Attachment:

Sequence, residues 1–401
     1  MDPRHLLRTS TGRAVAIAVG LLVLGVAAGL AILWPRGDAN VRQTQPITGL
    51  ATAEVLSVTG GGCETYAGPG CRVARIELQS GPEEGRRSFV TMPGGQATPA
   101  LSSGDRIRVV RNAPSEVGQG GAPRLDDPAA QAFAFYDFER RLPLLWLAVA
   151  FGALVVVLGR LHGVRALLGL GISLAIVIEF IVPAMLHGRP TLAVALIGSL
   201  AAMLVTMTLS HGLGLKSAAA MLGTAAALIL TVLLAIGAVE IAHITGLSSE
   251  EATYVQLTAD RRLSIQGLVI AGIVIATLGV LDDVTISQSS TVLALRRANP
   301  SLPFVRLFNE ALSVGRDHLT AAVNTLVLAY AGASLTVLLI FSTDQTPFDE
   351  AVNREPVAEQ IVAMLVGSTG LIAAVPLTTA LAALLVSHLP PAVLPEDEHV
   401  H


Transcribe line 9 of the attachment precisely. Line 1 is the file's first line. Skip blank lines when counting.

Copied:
   351  AVNREPVAEQ IVAMLVGSTG LIAAVPLTTA LAALLVSHLP PAVLPEDEHV